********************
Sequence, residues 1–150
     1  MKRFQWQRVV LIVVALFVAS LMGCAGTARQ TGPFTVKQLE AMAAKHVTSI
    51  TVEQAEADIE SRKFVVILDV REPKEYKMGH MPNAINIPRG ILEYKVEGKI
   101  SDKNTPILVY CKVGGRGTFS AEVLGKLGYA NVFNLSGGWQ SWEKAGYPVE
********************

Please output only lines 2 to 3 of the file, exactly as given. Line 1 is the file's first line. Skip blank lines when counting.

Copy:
     1  MKRFQWQRVV LIVVALFVAS LMGCAGTARQ TGPFTVKQLE AMAAKHVTSI
    51  TVEQAEADIE SRKFVVILDV REPKEYKMGH MPNAINIPRG ILEYKVEGKI